New England Patriots quarterback Tom Brady has long been a supporter of Donald Trump, but his latest attacks on NFL players who dare to exercise their First Amendment rights seem to have finally gone too far. Brady and Trump have been personal friends for years, but this was apparently the straw that broke the camel’s back.
On Sunday, Brady liked an Instagram photo of the Packers’ Aaron Rodgers and three of his teammates kneeling. When it came time for Brady’s own game, he stood arm in arm with his fellow players during the National Anthem. Then on Monday, he made his stance on this issue crystal clear during his weekly WEEI radio appearance, stating unequivocally that disagreed with Trump and his “divisive” rhetoric.
“I certainly disagree with what he said,” he said. “I thought it was just divisive. I just want to support my teammates. I am never one to say, ‘Oh, that is wrong. That is right.’ I do believe in what I believe in. I believe in bringing people together and respect and love and trust. Those are the values that my parents instilled in me.”
Trump bit off more than he could chew when he went after the NFL players who have been protesting systemic racism and police brutality by taking a knee during his speech in Alabama on Friday.
“Wouldn’t you love to see one of these NFL owners, when somebody disrespects our flag, to say, ‘Get that son of a bitch off the field right now. Out. He’s fired. He’s FIRED!’” Trump bellowed.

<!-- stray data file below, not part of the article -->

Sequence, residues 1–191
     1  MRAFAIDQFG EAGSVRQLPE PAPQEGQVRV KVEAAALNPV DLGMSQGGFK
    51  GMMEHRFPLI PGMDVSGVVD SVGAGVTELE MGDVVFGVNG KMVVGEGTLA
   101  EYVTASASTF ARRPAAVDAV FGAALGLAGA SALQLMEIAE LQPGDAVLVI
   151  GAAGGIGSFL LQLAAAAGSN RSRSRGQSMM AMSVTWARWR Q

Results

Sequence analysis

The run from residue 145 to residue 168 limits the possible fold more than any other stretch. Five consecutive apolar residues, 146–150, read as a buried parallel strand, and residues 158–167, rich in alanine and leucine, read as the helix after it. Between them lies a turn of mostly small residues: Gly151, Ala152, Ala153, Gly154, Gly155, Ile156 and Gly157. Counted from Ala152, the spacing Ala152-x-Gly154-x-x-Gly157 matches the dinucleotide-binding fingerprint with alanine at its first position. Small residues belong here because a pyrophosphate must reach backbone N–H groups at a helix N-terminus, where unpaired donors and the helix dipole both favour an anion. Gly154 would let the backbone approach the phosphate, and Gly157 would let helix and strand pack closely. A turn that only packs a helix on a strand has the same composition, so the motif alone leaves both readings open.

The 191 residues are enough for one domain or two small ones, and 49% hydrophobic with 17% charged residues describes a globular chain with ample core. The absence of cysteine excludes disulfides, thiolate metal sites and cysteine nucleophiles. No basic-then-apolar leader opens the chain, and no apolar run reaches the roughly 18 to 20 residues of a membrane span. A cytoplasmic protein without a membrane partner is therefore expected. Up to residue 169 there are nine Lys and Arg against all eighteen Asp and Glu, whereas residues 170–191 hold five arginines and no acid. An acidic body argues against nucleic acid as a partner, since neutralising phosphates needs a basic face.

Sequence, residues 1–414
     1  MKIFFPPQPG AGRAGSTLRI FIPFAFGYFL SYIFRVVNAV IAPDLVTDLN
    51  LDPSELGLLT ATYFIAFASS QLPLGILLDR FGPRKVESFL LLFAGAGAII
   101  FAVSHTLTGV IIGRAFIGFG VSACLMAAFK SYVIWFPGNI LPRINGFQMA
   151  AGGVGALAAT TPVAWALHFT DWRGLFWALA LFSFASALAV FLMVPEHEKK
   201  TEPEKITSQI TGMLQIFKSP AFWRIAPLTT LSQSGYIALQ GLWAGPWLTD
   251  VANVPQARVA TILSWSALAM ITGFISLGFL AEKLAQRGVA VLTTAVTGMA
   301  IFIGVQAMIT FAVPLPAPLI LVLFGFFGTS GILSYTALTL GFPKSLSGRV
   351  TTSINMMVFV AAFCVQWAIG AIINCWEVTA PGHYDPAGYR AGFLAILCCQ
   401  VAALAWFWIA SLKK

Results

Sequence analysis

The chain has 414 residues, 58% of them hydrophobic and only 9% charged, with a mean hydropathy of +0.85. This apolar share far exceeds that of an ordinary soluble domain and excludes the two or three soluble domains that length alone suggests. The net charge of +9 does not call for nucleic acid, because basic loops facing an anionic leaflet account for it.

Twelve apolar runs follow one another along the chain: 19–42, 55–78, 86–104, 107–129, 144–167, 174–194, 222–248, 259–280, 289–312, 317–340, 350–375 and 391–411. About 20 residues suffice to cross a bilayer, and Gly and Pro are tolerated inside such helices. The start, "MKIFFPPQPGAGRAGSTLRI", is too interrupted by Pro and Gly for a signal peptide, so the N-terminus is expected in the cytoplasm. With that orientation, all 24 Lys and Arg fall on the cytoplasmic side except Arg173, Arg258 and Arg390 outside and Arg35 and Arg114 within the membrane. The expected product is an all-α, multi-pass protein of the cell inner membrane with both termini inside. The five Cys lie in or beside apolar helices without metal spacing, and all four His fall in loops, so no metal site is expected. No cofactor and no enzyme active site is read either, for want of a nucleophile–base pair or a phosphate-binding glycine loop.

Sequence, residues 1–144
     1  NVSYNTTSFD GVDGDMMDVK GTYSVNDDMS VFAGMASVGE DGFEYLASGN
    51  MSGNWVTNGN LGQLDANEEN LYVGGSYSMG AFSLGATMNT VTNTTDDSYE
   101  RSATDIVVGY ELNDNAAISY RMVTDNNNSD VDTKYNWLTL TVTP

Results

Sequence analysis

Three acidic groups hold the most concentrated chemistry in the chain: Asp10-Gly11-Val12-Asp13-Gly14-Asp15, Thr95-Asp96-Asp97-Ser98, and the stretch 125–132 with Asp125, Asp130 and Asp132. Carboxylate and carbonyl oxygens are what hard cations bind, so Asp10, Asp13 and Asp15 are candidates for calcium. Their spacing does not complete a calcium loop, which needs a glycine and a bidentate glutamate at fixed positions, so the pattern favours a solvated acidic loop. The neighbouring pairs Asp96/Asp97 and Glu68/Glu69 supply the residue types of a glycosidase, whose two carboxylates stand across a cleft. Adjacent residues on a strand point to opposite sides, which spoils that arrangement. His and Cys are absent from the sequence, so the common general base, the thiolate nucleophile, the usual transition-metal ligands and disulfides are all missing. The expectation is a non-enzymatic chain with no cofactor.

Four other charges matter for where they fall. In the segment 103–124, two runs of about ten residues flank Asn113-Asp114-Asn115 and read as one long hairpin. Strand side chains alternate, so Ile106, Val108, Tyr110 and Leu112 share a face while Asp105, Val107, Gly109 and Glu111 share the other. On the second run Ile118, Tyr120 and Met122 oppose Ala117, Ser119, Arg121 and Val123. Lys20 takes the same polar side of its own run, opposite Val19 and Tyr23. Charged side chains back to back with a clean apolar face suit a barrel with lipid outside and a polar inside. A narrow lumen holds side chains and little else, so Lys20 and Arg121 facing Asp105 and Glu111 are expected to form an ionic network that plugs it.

He then followed up on this by continuing his attacks on Saturday via his Twitter account. While it isn’t clear exactly what reaction Trump thought he would get, the NFL let him know exactly where they stood on Sunday. More players joined in the protest than ever before and even singers performing the National Anthem chose to take a knee to show their solidarity.
Brady said that although he heard fans booing on Sunday, it doesn’t change his opinion on the constitutional right of his fellow athletes to protest injustice.
“Yeah, I did,” Brady said. “No, I think everyone has the right to do whatever they want to do. If you don’t agree, that is fine. You can voice your disagreement, I think that is great. It’s part of our democracy. As long as it is done in a peaceful, respectful way, that is what our country has been all about.”
Brady’s words echoed the words of Patriots Chairman and CEO Robert Kraft. In a statement released on Sunday, the team’s owner said he was “deeply disappointed” in Trump and his attacks on the First Amendment rights of professional athletes.
“I am deeply disappointed by the tone of the comments made by the President on Friday,” Kraft explained. “I am proud to be associated with so many players who make such tremendous contributions in positively impacting our communities. Their efforts, both on and off the field, help bring people together and make our community stronger. There is no greater unifier in this country than sports and, unfortunately, nothing more divisive than politics. I think our political leaders could learn a lot from the lessons of teamwork and the importance of working together toward a common goal. Our players are intelligent, thoughtful and care deeply about our community and I support their right to peacefully affect social change and raise awareness in a manner that they feel is most impactful.”
If Trump thought he could bully the NFL into submission, he was sorely mistaken. Even his friends are now calling him out and turning their backs on him.
Featured image via Flickr